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Don't in Zaire Repeat the West's
Mistakes in Angola



LONDON-- The rapid and dangerous way things are going suggest that Zaire could very easily, like its sideshow Angola, become the scene of an unending civil war between the two rival protagonists.

In Zaire in the contest to succeed the dying president, Mobutu Sese Seko, we have in the capital Kinshasa, the ex-prime minister Etienne Tshisekedi, pulling out every stop to take over from his erstwhile boss. His charisma and organizational skills are formidable. Early this week he led a stunning strike which, for the breadth of a day, reduced the bustling, noisy, helter-skelter of life in the capital to an earie silence.

In the west is his rival for power, Laurent Kabila, who by force of arms has captured the most populous half of the country, taken over the diamond and copper mines, the main source of the country's wealth and is now advancing on Kinshasa.

This is reminiscent of how civil war began in neighboring Angola 20 years ago. That time the Russians took one side and the American CIA, under the orders of Secretary of State, Henry Kissinger, the other. The ratcheting up of civil war by the Cold War antagonists ended up with one side, the MPLA, the Popular Movement for the Liberation of Angola, today the government, bringing in the Cubans and the other side, UNITA, the National Union for the Total Independence of Angola, bringing in the South Africans. The civil war so exhausted and drained the country that the World Bank concluded that ``there was no economic activity to measure."

In the end the Cubans fought the South Africans to a standstill. The Bush administration in Washington with the Gorbachev administration's help in Moscow arbitrated a peace agreement that got the South Africans and Cubans

removed, gave its blessing to the MPLA as the party of government and gave Jonas Savimbi's guerrillas of UNITA a role in the capital as the formal opposition. Last week the war was supposedly finally concluded after the inauguration of a government of national unity.

Yet Savimbi still holds back--thanks to his old friend, President Mobutu. Savimbi declined to attend last week's ceremony, though his representatives did. Instead, with Mobutu continuing as before to keep him well stocked in arms, he is deploying UNITA guerrillas against Kabila. To match this the official Angolan government has dispatched contingents of its army to Kabila's side.

Hence the ongoing ``murderous violence in the pregnant land of Africa,'' to quote the Portuguese novelist, Antonio Lota Antune who wrote so acutely about Angola's incommunicable image of war in his ``South of Nowhere.''

Zaire, thanks to the spirits who watch over Africa, no longer has to contend with superpower backers, but there remains a danger that it could end up with the U.S. on the side of Kabila and the French and the Belgians with their historically larger stakes in the old order in Zaire backing Tshisekedi. But even if the western powers decide to be sensible and cooperate the elements for another great African feud are all too clearly in place. These days, given the easy availability of arms, one doesn't need an official ``backer'' to get one's hands on murderous amounts.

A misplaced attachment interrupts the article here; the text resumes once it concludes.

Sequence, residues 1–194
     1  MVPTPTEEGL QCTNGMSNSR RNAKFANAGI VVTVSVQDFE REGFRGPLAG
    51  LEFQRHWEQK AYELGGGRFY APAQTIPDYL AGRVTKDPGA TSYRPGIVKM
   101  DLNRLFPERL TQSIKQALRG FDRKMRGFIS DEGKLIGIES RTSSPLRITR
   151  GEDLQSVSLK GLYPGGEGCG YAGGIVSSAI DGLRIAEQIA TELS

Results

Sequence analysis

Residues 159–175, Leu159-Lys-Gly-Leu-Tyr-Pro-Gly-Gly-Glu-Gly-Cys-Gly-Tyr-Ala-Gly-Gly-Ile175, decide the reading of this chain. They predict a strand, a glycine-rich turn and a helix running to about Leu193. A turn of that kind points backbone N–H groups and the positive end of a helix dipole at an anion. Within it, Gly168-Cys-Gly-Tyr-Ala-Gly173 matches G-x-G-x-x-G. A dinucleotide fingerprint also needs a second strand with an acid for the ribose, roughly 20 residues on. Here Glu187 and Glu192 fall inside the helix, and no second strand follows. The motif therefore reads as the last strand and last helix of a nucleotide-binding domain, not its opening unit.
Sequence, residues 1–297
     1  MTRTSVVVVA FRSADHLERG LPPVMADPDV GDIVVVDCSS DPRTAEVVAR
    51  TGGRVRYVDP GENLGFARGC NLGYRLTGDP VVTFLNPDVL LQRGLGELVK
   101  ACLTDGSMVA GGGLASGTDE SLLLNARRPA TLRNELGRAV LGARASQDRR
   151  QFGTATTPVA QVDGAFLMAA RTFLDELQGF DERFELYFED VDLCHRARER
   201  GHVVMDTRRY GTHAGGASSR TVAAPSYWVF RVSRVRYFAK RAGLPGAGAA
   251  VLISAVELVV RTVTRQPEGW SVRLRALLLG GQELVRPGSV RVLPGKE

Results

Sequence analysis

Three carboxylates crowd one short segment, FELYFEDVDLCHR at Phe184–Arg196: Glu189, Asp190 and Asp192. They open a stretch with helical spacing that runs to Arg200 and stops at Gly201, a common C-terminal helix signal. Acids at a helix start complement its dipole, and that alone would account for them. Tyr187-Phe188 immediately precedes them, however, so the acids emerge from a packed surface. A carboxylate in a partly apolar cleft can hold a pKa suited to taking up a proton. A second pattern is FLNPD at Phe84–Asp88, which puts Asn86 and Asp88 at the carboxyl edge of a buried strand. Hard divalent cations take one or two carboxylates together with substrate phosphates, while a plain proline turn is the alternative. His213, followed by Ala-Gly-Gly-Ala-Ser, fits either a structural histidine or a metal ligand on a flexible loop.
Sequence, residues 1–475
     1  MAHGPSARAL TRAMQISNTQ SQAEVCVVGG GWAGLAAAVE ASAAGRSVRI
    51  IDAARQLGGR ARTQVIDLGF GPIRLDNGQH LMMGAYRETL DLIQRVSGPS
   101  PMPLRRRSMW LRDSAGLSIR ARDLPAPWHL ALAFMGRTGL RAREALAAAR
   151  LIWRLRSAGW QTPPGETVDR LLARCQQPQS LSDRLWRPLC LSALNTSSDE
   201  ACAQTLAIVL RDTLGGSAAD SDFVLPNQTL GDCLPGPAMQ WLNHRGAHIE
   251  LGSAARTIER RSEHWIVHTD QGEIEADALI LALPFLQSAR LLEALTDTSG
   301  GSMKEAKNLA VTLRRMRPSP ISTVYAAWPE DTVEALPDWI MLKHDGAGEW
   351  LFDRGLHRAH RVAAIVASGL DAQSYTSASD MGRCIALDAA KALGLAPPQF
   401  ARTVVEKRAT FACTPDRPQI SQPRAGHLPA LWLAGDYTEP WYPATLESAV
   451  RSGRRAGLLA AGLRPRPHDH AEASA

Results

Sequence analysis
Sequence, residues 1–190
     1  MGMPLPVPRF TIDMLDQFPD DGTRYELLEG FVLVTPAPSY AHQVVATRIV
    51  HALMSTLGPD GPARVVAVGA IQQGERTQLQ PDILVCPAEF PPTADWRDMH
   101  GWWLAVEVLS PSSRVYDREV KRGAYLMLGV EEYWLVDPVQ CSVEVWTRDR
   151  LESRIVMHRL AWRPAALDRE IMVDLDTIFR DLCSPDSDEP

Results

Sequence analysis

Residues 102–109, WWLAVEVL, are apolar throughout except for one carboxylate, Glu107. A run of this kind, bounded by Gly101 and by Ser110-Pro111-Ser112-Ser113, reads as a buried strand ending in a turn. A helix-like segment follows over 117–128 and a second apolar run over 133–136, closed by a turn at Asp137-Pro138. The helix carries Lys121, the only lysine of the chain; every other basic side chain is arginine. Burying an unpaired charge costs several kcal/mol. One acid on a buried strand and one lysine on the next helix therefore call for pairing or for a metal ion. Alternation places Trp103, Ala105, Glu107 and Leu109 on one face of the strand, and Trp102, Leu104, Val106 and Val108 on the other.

If the lesson of Angola is don't start a civil war the lesson of the twentieth century is that ``most civil wars have only ended with the outright military victory of one side over the other.'' So writes Charles King in a study published this week by the International Institute for Strategic Studies. He goes on to observe that ``military victory in civil wars is often associated with widespread human rights abuses, atrocities, genocide, environmental degradation and a host of other ills which make reconstruction and political reconciliation especially difficult.''

His argument should be cold water for those outsiders who think anything could be gained by trying to tip the scales one way or another in the Zairean power struggle. The chance of success would be slim and the price of failure great. Once civil war starts it is extraordinarily difficult to stop and then, as Professor King observes, a negociated settlement, even if it can be reached, may be inherently unstable, as appears to be the case in Angola.

Thus now is the time for outsiders to stand back from partisanship and instead deploy their joint resources to broker a compromise before the rivals spill blood. They must throw their weight without reserve behind the rather clever UN arbitrator, Mohammed Sahnoun. An election where the contenders face off must be the common goal. Meanwhile, for a year or so a government of national unity is necessary to keep the country ticking over and to give time to organise an honest ballot.

Outsiders, principally America to begin with, pulled apart Angola's power sharing commitment to hold elections in 1975. It would be a tragedy to repeat that appalling mistake in Zaire today. Hopefully by now everyone should know better. But do they?


April 16, 1997, LONDON

Copyright © 1997 By JONATHAN POWER

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